WASHINGTON — America's trade deficit shot up in July to the highest level in 16 months as oil imports hit an all-time high, offsetting strong export growth. The deficit with China climbed to the second highest level on record.

The Commerce Department reported Thursday that the deficit rose by 5.7 percent to $62.2 billion in July, much worse than the $58 billion deficit that Wall Street expected. It pushed the gap between what America imports and what it sells abroad to the highest level since March 2007.

The trade deterioration reflected the fact that crude oil prices hit a record in July, pushing America's foreign oil bill to an all-time high of $51.4 billion, up 13.7 percent from June.

The big rise in oil prices, with the average barrel of imported crude jumping to a record $124.66, pushed overall imports up by 3.9 percent to a record $230.3 billion.

That increase offset another strong showing for U.S. exports which rose by 3.3 percent to a record $168.1 billion, reflecting big gains in overseas sales of commercial aircraft, computers and U.S.-made cars. Exports have been the major bright spot for the U.S. economy in a year when the country has been battered by a prolonged slump in housing, rising unemployment and a severe credit crunch.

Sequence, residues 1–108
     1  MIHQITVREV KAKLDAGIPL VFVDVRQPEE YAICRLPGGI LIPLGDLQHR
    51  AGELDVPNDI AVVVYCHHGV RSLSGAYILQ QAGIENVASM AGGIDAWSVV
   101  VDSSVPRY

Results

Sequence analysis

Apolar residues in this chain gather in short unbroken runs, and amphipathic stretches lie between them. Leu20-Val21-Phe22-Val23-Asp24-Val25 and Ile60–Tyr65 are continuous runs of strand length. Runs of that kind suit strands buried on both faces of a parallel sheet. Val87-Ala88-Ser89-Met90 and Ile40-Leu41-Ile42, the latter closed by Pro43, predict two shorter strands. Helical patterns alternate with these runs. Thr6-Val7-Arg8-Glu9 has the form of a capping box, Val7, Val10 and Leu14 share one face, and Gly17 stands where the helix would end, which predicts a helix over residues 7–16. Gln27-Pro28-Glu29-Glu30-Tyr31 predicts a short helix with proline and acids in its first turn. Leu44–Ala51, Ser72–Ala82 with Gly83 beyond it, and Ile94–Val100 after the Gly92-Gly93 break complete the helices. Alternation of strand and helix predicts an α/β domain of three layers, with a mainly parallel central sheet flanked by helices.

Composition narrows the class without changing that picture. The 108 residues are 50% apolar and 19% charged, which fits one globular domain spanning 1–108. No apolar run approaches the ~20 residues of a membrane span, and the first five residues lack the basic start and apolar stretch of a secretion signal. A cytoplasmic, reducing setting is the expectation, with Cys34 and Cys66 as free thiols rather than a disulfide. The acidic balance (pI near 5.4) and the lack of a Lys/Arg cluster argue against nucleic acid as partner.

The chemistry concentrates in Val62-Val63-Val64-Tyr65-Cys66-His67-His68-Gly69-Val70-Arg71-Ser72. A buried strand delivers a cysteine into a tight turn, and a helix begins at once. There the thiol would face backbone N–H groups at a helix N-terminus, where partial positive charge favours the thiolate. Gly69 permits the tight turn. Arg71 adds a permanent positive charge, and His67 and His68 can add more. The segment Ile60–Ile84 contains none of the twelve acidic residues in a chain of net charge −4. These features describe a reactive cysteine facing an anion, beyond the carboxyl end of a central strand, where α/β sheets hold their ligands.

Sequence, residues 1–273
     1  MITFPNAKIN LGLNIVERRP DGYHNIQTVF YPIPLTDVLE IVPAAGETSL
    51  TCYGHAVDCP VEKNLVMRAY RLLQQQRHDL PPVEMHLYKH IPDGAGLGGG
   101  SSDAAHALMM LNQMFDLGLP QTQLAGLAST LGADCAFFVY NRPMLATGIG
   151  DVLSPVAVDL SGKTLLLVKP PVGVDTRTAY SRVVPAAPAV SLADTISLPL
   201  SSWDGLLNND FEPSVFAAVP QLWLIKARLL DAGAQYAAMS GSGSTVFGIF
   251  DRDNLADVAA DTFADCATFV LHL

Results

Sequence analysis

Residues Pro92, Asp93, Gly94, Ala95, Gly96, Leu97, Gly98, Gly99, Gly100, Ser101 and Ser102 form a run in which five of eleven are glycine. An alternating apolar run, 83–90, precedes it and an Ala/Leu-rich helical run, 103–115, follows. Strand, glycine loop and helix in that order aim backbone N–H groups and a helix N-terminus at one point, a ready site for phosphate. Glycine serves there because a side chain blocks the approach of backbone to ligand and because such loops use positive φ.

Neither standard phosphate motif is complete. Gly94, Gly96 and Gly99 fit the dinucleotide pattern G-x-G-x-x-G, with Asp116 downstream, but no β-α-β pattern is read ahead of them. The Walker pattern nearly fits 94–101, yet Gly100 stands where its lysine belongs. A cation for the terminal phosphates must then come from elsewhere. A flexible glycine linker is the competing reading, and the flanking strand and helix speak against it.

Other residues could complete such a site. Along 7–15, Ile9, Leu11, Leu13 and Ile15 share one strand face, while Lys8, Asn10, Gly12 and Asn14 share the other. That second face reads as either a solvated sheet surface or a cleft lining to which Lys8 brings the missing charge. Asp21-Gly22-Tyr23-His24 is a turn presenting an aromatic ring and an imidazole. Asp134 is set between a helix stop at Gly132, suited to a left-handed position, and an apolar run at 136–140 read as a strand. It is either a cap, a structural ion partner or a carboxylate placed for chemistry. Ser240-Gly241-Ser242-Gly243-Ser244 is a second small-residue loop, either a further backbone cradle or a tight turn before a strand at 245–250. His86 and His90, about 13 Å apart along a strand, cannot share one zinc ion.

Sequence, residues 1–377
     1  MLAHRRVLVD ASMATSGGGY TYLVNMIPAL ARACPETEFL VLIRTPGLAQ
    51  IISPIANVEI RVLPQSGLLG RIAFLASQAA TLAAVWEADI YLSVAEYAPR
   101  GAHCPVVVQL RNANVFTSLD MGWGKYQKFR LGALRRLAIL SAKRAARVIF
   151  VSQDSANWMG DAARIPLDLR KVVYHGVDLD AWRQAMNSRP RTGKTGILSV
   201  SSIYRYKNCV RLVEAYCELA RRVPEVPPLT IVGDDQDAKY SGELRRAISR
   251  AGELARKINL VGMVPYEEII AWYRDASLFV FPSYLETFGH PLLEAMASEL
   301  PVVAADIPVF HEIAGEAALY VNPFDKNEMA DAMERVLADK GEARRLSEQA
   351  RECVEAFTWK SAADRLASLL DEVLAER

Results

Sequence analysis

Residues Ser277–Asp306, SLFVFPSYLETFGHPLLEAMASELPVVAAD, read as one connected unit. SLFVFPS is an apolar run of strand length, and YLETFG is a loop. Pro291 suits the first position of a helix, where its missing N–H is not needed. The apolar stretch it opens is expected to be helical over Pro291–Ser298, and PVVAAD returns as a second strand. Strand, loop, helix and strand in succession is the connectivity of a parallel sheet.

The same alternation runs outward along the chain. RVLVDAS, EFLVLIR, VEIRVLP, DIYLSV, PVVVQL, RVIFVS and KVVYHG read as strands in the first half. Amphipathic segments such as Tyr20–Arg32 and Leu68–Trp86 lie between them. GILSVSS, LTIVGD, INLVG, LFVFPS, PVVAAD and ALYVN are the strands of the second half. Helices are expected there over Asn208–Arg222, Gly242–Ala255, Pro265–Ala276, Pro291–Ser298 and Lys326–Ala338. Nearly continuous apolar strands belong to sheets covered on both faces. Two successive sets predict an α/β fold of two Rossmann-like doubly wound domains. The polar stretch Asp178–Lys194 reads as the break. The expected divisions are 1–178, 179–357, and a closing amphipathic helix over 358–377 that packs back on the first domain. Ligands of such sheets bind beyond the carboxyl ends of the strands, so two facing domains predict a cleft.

The Bush administration points to the export gains as justification for its support of free trade. However, Democrats contend the administration's pursuit of free-trade agreements left U.S. workers exposed to unfair competition from low-wage countries with poor environmental records such as China.

They blame the loss of more than 3 million manufacturing jobs since Bush took office in part on the soaring trade deficits, employment losses that have hit hard in key presidential battleground states such as Michigan, Ohio and Pennsylvania.

Democratic presidential candidate Barack Obama has said he will renegotiate the North American Free Trade Agreement with Canada and Mexico to get greater protection for U.S. workers. Republican John McCain has accused Obama of seeking to erect protectionist barriers that will make America less competitive in the global economy.

In July, the politically sensitive deficit with China increased 16.1 percent to $24.9 billion, the second highest gap on record.

Critics contend the administration has not done enough to combat unfair Chinese trade practices such as the country's currency system, which U.S. manufacturers say keeps the Chinese yuan undervalued by as much as 40 percent against the American dollar. That makes Chinese goods cheaper for American consumers while making U.S. products more expensive in China.